In a state of helplessness, I wrote a guest post for John Warner’s blog on Inside Higher Ed. As I’m on parental leave for most of this semester, I have been watching my college “go online” with its instruction from afar, so I thought if I put together some of my thoughts on teaching online, I could be of help.
I wrote the post thinking of all the instructors at my college who were posting back and forth on the faculty listserv about their anxieties about using technology. And then there are some emails from folks over in EdTech with links to trainings and tutorials. I’m thinking, “This is all well and good, but how are the servers going to handle all this?” And also, I’m pretty competent with technology, and even I had a lot of technical kinks to work out in the process of deploying my online classes last semester. There’s absolutely no reason to tax everyone further with these ridiculous expectations.
This article by Rebecca Barrett-Fox, which I read right after I wrote mine, gets to the heart of the politics of this suddenly online education crisis:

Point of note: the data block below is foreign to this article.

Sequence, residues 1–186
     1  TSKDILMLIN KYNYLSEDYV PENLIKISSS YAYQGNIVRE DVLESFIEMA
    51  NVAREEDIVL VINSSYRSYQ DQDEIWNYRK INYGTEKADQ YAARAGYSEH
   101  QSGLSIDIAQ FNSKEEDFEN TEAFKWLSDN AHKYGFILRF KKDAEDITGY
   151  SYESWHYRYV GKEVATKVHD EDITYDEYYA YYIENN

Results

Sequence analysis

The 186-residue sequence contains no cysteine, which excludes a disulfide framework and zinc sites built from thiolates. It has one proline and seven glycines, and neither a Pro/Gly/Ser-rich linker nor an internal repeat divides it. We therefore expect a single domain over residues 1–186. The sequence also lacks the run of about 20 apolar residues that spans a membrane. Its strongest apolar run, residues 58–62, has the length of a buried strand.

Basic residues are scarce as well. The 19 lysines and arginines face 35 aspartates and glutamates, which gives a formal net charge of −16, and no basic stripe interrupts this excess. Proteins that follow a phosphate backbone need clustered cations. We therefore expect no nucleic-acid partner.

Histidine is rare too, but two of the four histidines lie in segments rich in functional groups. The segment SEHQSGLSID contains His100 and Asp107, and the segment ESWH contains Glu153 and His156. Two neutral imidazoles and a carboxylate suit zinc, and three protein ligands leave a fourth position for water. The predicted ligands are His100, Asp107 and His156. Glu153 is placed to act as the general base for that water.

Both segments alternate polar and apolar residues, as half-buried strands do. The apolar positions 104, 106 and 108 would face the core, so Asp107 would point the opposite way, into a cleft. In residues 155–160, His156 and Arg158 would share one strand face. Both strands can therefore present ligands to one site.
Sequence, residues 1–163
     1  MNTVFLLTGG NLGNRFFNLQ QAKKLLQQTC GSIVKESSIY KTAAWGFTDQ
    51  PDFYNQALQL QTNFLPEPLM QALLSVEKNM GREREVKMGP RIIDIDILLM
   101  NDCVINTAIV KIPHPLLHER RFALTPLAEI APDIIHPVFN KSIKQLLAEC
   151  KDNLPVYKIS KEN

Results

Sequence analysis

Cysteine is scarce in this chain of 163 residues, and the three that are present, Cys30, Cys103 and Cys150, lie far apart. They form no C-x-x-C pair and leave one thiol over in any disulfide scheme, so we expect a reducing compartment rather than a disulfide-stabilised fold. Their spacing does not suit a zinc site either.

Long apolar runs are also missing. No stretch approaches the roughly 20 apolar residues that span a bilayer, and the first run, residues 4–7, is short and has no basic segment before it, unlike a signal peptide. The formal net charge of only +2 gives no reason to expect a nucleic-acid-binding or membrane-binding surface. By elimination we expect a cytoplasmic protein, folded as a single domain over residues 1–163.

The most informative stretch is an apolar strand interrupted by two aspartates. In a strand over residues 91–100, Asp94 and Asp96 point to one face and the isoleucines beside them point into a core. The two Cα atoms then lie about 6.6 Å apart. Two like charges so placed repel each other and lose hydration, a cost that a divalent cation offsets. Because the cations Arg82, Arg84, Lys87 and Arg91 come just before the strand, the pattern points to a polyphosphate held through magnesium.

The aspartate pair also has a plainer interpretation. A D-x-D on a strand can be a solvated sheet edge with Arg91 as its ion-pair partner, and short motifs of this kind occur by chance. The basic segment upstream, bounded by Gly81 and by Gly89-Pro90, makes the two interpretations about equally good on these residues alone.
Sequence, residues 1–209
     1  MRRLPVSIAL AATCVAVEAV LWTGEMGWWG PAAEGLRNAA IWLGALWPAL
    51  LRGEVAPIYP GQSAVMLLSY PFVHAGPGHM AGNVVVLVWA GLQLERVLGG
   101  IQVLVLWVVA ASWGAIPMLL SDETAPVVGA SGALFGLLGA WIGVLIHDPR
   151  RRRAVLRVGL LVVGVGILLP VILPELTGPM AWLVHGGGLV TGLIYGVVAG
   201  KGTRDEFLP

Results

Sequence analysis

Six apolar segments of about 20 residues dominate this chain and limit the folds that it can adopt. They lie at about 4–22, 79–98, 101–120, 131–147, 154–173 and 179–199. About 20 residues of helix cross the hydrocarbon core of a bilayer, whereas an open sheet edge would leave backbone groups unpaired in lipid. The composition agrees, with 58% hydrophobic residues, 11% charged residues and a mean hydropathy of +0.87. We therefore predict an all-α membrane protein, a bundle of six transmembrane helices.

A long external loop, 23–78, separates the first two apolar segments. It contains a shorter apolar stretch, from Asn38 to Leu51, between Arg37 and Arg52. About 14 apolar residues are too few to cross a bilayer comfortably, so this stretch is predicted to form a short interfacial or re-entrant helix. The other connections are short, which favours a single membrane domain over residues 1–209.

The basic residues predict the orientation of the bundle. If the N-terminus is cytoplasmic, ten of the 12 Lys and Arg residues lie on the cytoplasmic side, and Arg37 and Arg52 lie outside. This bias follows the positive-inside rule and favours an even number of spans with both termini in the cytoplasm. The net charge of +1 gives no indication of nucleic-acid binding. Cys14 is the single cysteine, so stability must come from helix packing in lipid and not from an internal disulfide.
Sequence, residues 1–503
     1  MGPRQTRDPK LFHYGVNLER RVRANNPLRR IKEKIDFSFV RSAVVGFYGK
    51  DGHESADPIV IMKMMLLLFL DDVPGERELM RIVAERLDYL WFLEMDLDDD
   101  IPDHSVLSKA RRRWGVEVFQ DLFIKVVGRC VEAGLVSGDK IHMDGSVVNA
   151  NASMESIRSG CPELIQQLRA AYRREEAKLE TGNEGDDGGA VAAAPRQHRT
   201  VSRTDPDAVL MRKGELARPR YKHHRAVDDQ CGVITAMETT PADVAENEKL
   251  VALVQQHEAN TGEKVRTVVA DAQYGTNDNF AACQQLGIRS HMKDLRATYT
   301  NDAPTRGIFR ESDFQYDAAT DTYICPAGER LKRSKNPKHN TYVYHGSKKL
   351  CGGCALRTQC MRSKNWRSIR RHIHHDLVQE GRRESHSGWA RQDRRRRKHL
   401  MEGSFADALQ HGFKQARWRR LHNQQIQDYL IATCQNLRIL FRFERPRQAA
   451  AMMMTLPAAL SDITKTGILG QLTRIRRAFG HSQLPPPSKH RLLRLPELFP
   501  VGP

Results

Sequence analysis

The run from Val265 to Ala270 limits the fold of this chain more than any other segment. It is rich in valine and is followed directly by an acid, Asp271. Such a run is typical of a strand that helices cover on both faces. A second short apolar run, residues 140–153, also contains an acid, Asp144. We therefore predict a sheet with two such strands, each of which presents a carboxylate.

Barrett-Fox nails it. Especially here:
Ask yourself: Do I really care about this? (Probably not, or else you would have explored it earlier.) Or am I trying to prove that I’m a team player? (You are, and don’t let your university exploit that.) Or I am trying to soothe myself in the face of a pandemic by doing something that makes life feel normal? (If you are, stop and instead put your energy to better use, like by protesting in favor of eviction freezes or packing up sacks of groceries for kids who won’t get meals because public schools are closing.)
I wish I knew how to put my energy to “better use,” but until I figure out what that looks like, I’m hoping that a few people who read my article will ease up a bit on themselves and their students.